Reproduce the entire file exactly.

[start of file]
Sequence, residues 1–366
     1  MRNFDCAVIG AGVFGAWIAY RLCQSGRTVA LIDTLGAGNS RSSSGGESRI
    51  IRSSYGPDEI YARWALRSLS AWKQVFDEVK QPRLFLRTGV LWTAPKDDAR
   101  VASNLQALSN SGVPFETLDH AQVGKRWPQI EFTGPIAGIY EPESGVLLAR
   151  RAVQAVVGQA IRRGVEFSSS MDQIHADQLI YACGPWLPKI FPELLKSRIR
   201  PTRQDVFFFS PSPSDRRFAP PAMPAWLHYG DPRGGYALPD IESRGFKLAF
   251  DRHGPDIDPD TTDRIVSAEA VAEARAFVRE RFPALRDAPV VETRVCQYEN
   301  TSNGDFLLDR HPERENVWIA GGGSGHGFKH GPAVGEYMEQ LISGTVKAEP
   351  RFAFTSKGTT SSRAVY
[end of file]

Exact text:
Sequence, residues 1–366
     1  MRNFDCAVIG AGVFGAWIAY RLCQSGRTVA LIDTLGAGNS RSSSGGESRI
    51  IRSSYGPDEI YARWALRSLS AWKQVFDEVK QPRLFLRTGV LWTAPKDDAR
   101  VASNLQALSN SGVPFETLDH AQVGKRWPQI EFTGPIAGIY EPESGVLLAR
   151  RAVQAVVGQA IRRGVEFSSS MDQIHADQLI YACGPWLPKI FPELLKSRIR
   201  PTRQDVFFFS PSPSDRRFAP PAMPAWLHYG DPRGGYALPD IESRGFKLAF
   251  DRHGPDIDPD TTDRIVSAEA VAEARAFVRE RFPALRDAPV VETRVCQYEN
   301  TSNGDFLLDR HPERENVWIA GGGSGHGFKH GPAVGEYMEQ LISGTVKAEP
   351  RFAFTSKGTT SSRAVY